A well designed treehouse is delicately placed into a tree, with upmost sensitivity to the tree itself. Such a treehouse can give dignity to the tree, adding character, making the combination of tree and house a spectacle, which combined are more impressive than either are by themselves. But more so than that, a treehouse is a place for adventure and romance; a fairytale escape to connect with nature. A stunning piece of architecture which ennobles the tree, protecting it for generations and improving it’s quality of life, because, by living in a treehouse one engages in a symbiotic partnership with the tree – the tree gives the arboreal dweller shelter, safety and a magical space to live which fuels creativity. In return the dweller looks after the tree, maintaining it throughout the seasons, tending to it’s needs, inspecting it for disease and rot, and pruning it when necessary to ensure that the tree is as healthy as it can be.
We have carefully compiled this list of top treehouses from around the world, with the intention to incite inspiration and wonder in builders, architects, designers, tree lovers, arborists, nature enthusiasts, artists, and everyone intrigued about the idea of living differently. From cutting edge architectural design, to state of the art treetop construction solutions we’re going to take you through some of the most beautiful canopy creations that exist today, built by advanced and innovative treehouse teams. If you wish to find out more about any of them, or their other work, just follow the links provided.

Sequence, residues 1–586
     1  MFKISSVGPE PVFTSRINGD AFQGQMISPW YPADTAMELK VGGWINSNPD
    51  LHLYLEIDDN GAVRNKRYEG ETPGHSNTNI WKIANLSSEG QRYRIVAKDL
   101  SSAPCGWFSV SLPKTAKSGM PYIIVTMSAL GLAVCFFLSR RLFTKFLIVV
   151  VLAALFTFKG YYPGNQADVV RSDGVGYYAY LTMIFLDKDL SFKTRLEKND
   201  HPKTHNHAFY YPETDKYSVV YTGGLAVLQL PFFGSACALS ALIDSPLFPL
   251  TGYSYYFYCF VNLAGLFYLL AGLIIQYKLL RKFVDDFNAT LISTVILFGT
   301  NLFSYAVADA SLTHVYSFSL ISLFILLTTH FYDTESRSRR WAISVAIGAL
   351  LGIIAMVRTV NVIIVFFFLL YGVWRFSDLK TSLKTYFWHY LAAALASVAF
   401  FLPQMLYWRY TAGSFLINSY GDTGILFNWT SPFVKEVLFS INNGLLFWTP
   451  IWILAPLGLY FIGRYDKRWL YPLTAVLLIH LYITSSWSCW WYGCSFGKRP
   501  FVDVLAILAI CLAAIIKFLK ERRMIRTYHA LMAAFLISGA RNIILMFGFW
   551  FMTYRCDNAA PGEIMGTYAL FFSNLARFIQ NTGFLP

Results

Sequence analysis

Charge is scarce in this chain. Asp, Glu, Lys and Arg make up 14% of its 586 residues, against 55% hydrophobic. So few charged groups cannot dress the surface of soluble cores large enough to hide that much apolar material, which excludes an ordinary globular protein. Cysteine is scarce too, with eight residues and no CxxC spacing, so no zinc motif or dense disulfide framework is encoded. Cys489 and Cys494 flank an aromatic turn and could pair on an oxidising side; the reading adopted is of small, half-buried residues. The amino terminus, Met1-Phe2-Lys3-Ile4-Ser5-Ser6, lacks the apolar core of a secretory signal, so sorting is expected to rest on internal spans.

Without any further ado, and in no particular order, here are some of the worlds top treehouses…
Whollemi Wilderness Retreat – Australia
Photo: Jochen Spencer
Set amongst 600 acres of Blue Mountains wilderness, in New South Wales, Australia, is this beautiful ‘secret treehouse’. The cabin esque feel and gorgeous craftsmanship immediately catch the eye, and the combination of rustic natural woodwork against the open glass facade makes for a truly authentic mountain hideout. The secret treehouse comes complete with a kitchenette, queen sized bed, wood fireplace and breathtaking views of the Blue Mountains Rainforest. The cabins which Whollemi build utilise eco-friendly waste management systems to preserve the surrounding natural environment.
Photos: Jochen Spencer
Finca Bellavista Treehouse Community & Eco Lodge – Costa Rica
Photo: Knut Amtenbrink
Finca Bellavista is an entirely off-grid, sustainable community located in 600 acres of secondary and primary rainforest in Costa Rica. The community is a sanctuary for nature lovers where people can fully immerse themselves in the magic of the rainforest. One of Finca’s main ethics is to live a low impact lifestyle, and they believe that treehouses enable this. By having structures off the ground the ecology and terrestrial migration of animals is not disturbed. The majority of food consumed in their community is grown on-site, and the carbon footprint of the community is minimised wherever possible.
Photos: Jeremy Papasso (left) & Matt Berglund (right)
The treehouse pictured above is named El Castillo Mastate. A treehouse with a master bedroom perched 90 feet off the forest floor which features a full kitchen and living area, hot water shower, suspension bridge, and two balconies. Aside from the perfection of craftsmanship, what really makes Finca’s treehouses so special is the breathtaking backdrop…
Photos courtesy of James Lozeau
The Mirrorcube treehouse – Sweden
Photo: Peter Ludstrom
Introducing the unmistakably unique Mirrorcube treehouse. This 4 x 4 x 4 metre box clad in mirrored glass is simply a marvel to look at. Constructed using a lightweight aluminium structure hung around a pine tree, the exterior reflects the surroundings and the sky, creating a camouflaged refuge. Inside is living space for two people: a double bed, bathroom, living room and roof terrace.